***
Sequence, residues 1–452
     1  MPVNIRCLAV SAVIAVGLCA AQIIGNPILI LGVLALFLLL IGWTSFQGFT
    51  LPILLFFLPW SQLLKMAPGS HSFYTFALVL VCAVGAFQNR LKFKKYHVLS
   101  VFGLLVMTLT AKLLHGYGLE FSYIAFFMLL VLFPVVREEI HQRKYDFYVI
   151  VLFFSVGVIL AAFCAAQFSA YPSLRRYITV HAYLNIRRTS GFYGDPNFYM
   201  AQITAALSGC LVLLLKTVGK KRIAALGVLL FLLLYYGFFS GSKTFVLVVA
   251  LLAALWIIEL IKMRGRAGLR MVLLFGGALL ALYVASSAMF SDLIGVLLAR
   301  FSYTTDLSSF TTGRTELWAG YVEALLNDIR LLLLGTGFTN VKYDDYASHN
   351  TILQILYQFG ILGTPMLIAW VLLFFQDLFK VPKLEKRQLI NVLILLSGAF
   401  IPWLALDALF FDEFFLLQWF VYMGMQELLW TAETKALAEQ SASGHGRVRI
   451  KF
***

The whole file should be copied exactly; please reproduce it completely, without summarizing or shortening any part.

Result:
Sequence, residues 1–452
     1  MPVNIRCLAV SAVIAVGLCA AQIIGNPILI LGVLALFLLL IGWTSFQGFT
    51  LPILLFFLPW SQLLKMAPGS HSFYTFALVL VCAVGAFQNR LKFKKYHVLS
   101  VFGLLVMTLT AKLLHGYGLE FSYIAFFMLL VLFPVVREEI HQRKYDFYVI
   151  VLFFSVGVIL AAFCAAQFSA YPSLRRYITV HAYLNIRRTS GFYGDPNFYM
   201  AQITAALSGC LVLLLKTVGK KRIAALGVLL FLLLYYGFFS GSKTFVLVVA
   251  LLAALWIIEL IKMRGRAGLR MVLLFGGALL ALYVASSAMF SDLIGVLLAR
   301  FSYTTDLSSF TTGRTELWAG YVEALLNDIR LLLLGTGFTN VKYDDYASHN
   351  TILQILYQFG ILGTPMLIAW VLLFFQDLFK VPKLEKRQLI NVLILLSGAF
   401  IPWLALDALF FDEFFLLQWF VYMGMQELLW TAETKALAEQ SASGHGRVRI
   451  KF